There’s a scene in Psychopath where Bennett’s mother, Charity, tells Morgan that she fears that if her son is released from prison he might come looking for her. Doesn’t Morgan fear that a psychopath might come looking for him, for the man who asked him all those personal, discomforting questions on television?
“I’ve spent 30 years having people wanting to kill me. None of them have been successful yet.”
Really? “Yes, I’m not joking. I’m always aware there are a lot of dangerous people around.”
Never been tempted to calm things down, to step away from the limelight, the relentless public attention? “In that way I’m a bit like Trump. People want him to change, they want him to be more presidential. And people would like me to be less provocative, less opinionated. But why should I? I’ve always been like this.”
One last question from Dr Dutton: are you cynical and sceptical of other people’s intentions? “I basically start from the position of ‘Why is this person trying it on?’”
Even me, Piers? “Always with journalists, yes. When you walked in, my first reaction was deep-rooted suspicion. Does this person want to make a name for himself by skewering me? And if he does, how painful does the revenge attack have to be?”
You see, perfectly normal.
Are you a psychopath? Take the test (and compare yourself to Piers Morgan's scores)
Answer this questionnaire, devised by Dr Kevin Dutton to determine if you have psychopathic tendencies. RT asked Piers Morgan to sit the test and Dr Dutton analysed the results…
0: Strongly disagree
3: Strongly agree
1: I rarely plan ahead: I’m a spur-of-the-moment kind of person.
Piers’s score: 1
Dr Dutton’s analysis: Psychopaths are reward-driven and very impulsive. They want it all, as Freddie Mercury once sang. And they want it now!
2: People would say that there’s an X-factor about me.
PM score: 3
Many psychopaths have a “presence”. People often comment that there is “just something about them” after meeting them.
3: If something better comes along it’s OK to cancel a longstanding appointment.
PM score: 1
Psychopaths are hell bent on looking after Number One. Loyalty and reliability mean nothing to them. They’ll put their own happiness and self-interest ahead of everyone else’s every time.
4: Seeing an animal injured or in pain doesn’t bother me in the slightest.
PM score: 0
Psychopaths lack empathy. The emotion switches in their brains are dialled down so they simply don’t feel things the way that the rest of us feel them.
5: Driving fast cars, riding rollercoasters, and skydiving appeal to me.
PM score: 2
Psychopaths are adrenaline junkies. The area of their brains that controls fear isn’t as active as in normal brains, which means it takes a lot more to get them pumped up.
6: It doesn’t matter if I have to step on other people to get what I want.
PM score: 2
Psychopaths are utterly ruthless and remorseless. Their brain’s low empathy settings mean that they will stop at nothing to get what they want.
7: I’m very persuasive. I have a talent for getting other people to do what I want.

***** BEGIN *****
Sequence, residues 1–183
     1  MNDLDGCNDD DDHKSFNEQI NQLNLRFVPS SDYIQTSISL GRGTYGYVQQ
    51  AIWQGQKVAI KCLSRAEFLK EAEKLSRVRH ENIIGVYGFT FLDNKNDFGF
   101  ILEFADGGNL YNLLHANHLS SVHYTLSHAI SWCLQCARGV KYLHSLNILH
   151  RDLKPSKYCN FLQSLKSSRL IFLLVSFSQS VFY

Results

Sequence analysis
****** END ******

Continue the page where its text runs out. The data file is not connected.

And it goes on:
PM Score: 3
Psychopaths can be extremely charming. They are social chameleons who are able to hide their true colours and make great first impressions.
8: I’d be good in a dangerous job because I can make my mind up pretty quickly.
PM score: 3
Psychopaths thrive under pressure. Their fearless brains aren’t fazed by danger and they are never troubled by self-doubt.
9: I find it easy to keep myself together in situations when others are cracking under pressure.
PM score: 3
Psychopaths are extremely resilient and mentally tough. Many of them laugh and joke even when facing the death penalty!
10. If you’re able to con someone, that’s their problem. They deserve it.
PM score: 1
Psychopaths are social predators. They see life as a game of dog-eat-dog and have no moral compass or sense of right or wrong. Dishonesty, manipulation, and other shady goings-on come completely naturally to them.
11. Most of the time when things go wrong it’s somebody else’s fault, not mine.
PM score: 0
In their own eyes, psychopaths are never to blame for anything. If something goes wrong or they’re found behaving badly then they are the victims and anyone caught in the crossfire had it coming.
SCORING SCALE: 0–11 Low 12–17 Below average 18–22 Average 23–28 High 29–33 Very high
What Piers got a total score of 19. Here's what that means…
Dr Dutton says: “This test provides a general indication of where you might sit on the psychopathic spectrum. Piers’s score of 19 puts him in the ‘average’ category, which means that while he’s clearly not a pussycat he’s also a long way from being a psychopath.
“The test reveals that Piers does possess some psychopathic characteristics. He’s persuasive, charismatic, cool under pressure, and can be ruthless when he has to.
“But in other ways it shows that he is very un-psychopathic. For example, he’s reliable and hard-working, has a well-developed conscience, and is also very empathic.
“You might call him a good psychopath!”
Psychopath with Piers Morgan is on 9.00pm Thursday, ITV